By taking into account the aforementioned background factors, this study aims to map the future afforestation distribution in China. It is highlighted that the results are constrained by both the national afforestation plan and future climate change. The national afforestation plan determines the total afforestation area of each province, and climate change determines where it is suitable for forest growth. Section 2 introduces the methodology. The main results are described in Sect. 3. The discussion and conclusions are presented in Sects. 4 and 5, respectively.

2 Method

2.1 Data sources

This study used three categories of data: (1) ground meteorology measurements and satellite-observed land use/land cover data, (2) national planned afforestation area data, and (3) climate modelling data from GCM as well as ERA5 reanalysis data.

2.1.1 Ground meteorology measurement data and land use/land cover data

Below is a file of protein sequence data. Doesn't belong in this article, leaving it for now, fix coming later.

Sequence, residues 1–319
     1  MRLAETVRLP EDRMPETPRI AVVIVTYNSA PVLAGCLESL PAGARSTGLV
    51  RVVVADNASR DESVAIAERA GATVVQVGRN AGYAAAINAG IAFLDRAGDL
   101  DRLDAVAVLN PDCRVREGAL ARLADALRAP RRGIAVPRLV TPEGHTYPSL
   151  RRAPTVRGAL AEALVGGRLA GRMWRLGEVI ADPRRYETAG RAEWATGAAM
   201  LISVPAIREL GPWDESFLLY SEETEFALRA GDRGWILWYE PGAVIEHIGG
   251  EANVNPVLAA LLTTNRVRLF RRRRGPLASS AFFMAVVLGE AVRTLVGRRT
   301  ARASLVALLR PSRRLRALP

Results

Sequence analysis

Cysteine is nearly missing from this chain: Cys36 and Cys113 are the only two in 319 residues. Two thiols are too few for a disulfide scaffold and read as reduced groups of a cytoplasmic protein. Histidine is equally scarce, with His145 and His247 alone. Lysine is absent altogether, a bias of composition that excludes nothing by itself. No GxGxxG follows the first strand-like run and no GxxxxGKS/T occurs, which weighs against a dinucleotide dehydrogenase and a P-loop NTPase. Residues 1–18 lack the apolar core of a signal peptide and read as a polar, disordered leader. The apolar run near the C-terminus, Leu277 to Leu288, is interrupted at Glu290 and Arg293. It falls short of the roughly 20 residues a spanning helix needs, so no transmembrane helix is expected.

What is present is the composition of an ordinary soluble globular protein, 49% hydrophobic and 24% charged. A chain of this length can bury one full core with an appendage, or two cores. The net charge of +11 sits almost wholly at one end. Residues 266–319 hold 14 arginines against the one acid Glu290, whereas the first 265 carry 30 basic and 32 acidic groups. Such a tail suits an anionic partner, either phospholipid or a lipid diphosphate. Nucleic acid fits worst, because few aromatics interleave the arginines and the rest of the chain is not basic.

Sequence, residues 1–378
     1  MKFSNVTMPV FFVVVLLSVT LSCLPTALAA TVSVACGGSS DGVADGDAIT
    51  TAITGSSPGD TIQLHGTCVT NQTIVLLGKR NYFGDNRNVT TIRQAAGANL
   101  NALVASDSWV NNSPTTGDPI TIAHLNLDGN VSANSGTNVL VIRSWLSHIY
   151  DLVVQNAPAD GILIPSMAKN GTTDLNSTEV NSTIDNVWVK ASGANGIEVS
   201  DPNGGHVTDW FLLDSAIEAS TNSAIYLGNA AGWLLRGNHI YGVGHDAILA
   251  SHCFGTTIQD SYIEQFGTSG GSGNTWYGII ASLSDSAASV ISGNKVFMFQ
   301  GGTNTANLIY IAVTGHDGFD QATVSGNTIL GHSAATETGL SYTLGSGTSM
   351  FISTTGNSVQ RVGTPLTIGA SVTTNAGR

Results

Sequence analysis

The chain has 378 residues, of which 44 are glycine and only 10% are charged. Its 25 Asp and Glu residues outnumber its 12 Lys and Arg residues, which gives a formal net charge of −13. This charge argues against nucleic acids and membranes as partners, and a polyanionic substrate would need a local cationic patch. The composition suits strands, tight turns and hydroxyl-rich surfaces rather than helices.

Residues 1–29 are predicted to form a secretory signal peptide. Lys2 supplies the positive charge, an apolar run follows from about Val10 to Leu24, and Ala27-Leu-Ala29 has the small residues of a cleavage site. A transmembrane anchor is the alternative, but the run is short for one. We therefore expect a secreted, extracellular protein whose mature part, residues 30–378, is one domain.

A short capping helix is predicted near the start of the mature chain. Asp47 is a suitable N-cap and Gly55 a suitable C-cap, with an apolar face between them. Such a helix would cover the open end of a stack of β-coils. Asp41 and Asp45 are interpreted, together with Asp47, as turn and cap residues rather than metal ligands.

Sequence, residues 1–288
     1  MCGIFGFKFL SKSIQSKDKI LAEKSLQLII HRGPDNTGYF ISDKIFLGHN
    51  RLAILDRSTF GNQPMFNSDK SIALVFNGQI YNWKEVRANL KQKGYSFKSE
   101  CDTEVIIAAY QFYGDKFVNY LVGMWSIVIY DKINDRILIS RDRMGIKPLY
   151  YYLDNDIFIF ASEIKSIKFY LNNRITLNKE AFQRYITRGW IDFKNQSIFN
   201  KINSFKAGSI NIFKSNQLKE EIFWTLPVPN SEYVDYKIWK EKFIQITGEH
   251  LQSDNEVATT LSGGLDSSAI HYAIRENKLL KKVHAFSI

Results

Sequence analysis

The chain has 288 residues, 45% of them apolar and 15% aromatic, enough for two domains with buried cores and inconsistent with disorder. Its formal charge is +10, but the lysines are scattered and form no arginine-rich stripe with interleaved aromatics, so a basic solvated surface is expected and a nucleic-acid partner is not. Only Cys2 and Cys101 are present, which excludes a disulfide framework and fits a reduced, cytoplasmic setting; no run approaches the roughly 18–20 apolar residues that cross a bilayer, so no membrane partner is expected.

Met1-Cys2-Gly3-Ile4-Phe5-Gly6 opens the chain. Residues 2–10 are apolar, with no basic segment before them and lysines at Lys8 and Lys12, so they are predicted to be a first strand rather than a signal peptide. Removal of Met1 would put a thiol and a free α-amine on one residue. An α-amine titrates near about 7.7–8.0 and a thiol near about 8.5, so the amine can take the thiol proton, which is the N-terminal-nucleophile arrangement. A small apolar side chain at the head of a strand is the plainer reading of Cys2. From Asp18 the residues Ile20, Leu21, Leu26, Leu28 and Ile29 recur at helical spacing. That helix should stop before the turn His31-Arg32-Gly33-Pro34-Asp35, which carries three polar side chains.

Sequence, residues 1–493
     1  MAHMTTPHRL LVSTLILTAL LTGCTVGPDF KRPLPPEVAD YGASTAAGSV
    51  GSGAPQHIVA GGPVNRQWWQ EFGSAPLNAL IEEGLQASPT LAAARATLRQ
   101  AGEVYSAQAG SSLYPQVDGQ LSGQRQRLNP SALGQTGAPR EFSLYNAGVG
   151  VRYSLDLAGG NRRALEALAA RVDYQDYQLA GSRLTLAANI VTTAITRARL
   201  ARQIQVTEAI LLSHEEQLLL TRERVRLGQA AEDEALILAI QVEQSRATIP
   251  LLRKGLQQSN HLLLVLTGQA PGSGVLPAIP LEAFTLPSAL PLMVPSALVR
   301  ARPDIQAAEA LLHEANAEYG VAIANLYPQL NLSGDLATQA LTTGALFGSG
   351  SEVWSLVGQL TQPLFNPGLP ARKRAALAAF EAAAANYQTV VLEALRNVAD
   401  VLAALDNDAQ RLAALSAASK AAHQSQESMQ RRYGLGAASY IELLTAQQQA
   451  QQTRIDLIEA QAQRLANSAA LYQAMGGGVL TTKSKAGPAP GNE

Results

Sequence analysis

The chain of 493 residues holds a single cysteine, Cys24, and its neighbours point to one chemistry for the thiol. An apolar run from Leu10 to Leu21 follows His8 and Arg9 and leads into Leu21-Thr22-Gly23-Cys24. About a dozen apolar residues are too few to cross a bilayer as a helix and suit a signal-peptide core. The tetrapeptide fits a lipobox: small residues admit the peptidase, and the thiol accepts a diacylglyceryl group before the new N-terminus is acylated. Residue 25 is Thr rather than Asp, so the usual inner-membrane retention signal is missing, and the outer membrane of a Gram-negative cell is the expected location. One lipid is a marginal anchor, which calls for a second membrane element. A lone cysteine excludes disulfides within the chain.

This study used observation data of air temperature and precipitation at 2 m from the CN05.1 dataset (Wu and Gao, 2013). This dataset has a spatial resolution of 0.25°×0.25° and a temporal resolution of days from 1995 to 2014. The dataset was produced by interpolating more than 2400 meteorological stations in China using the “anomaly approach”. The CN05.1 dataset has been widely used to evaluate the performance of RCM simulations in China (Yu et al., 2015; Huang and Gao, 2018; Yan et al., 2019; Gao et al., 2023).

Land use type is a key parameter of RCMs (Mallard and Spero, 2019; Yan et al., 2021). This study used the Moderate Resolution Imaging Spectroradiometer (MODIS) land cover type dataset (MCD12Q1) for the year 2020 (Fig. S1 in the Supplement), with a spatial resolution of 500 m (Friedl et al., 2010). The MCD12Q1 features a 17-class International Geosphere-Biosphere Programme (IGBP) classification scheme (Loveland et al., 2000). It could match the first 17 default categories of land use with the Weather Research and Forecast (WRF) model (Table S1 in the Supplement). The MCD12Q1 is highly accurate globally, with an overall accuracy of approximately 75 % (Friedl et al., 2010; Sulla-Menashe et al., 2019). It was widely used to investigate land use and land cover change (You et al., 2020; Hou et al., 2022) and served as the lower boundary conditions for climate modelling (Yu et al., 2017; Ge et al., 2020; Zhao et al., 2021).